This will be my most challenging scratch build to date as very little information is available for this particular aeroplane. I have a few period black and white archive photos and some very basic plans, the engine is a 35hp Green which I have three good photos but only of one side. The aircraft itself did actually fly but only made a few short hops before crashing, it was damaged beyond repair. Like most of the early attempts to fly this aircraft was overweight and underpowered.
The fuselage frame is made from 1.0mm x 1.0mm styrene strips, they were laid on the plans for assembly to ensure they were square. The small brackets are cut from 0.25mm styrene sheet, in these first two photos the brackets are just sitting in place on the frame without glue.
All the little brackets have now been glued to the top and bottom fuselage frames. Once the glue was dry I drill three 0.3mm holes into the brackets and frame and fitted 0.5mm Master Club 0.5mm resin bolts on a washer, these are held in place with a small drop of CA.
The remainder of the frame pieces were cut and fitted to the top and bottom frames to form a box section. I also made and fitted the rest of the small brackets and added the three bolts to each bracket.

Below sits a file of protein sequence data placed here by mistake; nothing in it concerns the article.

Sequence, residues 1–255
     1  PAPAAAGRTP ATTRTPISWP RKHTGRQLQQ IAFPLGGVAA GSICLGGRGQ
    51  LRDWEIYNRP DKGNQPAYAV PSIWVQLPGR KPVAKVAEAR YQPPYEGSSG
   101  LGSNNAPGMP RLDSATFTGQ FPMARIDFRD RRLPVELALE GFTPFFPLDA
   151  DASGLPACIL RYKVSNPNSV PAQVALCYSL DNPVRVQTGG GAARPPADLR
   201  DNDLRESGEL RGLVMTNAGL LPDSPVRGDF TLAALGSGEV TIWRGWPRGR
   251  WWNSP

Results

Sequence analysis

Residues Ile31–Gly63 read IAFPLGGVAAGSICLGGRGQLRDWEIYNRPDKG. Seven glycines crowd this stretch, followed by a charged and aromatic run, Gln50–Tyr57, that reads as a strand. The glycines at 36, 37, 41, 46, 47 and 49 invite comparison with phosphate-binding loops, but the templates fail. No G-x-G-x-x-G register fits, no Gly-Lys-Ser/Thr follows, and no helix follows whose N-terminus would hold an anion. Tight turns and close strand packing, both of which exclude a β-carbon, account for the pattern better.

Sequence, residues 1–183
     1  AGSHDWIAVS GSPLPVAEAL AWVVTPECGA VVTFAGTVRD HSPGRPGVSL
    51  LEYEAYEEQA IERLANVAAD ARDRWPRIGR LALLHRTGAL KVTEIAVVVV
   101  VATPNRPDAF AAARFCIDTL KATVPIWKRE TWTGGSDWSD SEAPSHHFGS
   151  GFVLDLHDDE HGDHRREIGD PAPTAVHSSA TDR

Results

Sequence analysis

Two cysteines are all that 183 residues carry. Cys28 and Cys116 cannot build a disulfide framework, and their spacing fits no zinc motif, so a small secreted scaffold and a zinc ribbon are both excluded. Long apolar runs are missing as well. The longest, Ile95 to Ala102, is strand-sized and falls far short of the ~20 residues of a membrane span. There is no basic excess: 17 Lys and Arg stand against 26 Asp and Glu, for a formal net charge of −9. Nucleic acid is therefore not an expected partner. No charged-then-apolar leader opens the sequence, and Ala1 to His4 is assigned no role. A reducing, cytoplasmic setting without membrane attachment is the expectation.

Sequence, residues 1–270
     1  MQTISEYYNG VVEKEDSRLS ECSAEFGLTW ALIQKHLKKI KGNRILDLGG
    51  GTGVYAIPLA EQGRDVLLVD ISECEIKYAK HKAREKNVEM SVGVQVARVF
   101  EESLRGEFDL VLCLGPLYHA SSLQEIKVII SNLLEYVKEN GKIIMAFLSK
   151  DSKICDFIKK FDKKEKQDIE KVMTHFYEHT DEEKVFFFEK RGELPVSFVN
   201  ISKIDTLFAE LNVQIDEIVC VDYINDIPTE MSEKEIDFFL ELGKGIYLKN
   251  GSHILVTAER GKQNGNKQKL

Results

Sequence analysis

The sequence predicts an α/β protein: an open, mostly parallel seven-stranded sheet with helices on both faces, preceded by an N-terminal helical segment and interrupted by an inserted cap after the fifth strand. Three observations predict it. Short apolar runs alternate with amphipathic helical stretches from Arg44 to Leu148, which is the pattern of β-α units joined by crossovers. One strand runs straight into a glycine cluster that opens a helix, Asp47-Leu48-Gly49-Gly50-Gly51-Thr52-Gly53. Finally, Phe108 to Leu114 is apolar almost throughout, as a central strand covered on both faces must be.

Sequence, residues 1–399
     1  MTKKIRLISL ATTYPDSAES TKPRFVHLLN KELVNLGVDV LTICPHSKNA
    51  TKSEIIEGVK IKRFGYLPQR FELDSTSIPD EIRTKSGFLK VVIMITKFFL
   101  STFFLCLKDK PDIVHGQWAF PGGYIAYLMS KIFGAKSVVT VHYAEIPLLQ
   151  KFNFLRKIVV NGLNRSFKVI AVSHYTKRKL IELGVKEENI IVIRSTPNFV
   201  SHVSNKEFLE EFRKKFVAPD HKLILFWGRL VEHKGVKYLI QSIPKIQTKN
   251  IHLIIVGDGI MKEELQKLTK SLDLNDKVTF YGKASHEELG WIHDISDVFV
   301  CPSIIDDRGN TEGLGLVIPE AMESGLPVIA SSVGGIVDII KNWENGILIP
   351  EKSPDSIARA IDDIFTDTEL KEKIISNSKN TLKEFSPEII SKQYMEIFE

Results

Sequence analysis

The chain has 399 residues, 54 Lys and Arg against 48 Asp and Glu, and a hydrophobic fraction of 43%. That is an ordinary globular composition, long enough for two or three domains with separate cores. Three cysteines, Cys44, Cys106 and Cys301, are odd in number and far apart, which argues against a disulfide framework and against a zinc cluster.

I made the floor of the “cockpit” from 0.5mm styrene sheet and scribed some board lines. The skids are 1.0mm x 1.0mm styrene, the forward fuselage supports are from 2.5mm x 1.0mm styrene strips while the rear fuselage supports are made from 1.5mm x 1.0mm styrene strips. The large brackets forward and aft of the floor are made from 0.25mm styrene sheet cut to shape and once fitted, 0.3mm holes were drilled and the resin bolts fitted. I also fitted 1.7mm brass tubes to the front and rear of the floor, I don’t know their purpose yet. There is also a 0.9mm brass tube fitted part way up the rear supports, this will hold part of the rear wheel frame work. It is a most unusual fuselage/cockpit arrangement and at the moment doesn’t look much like an aeroplane.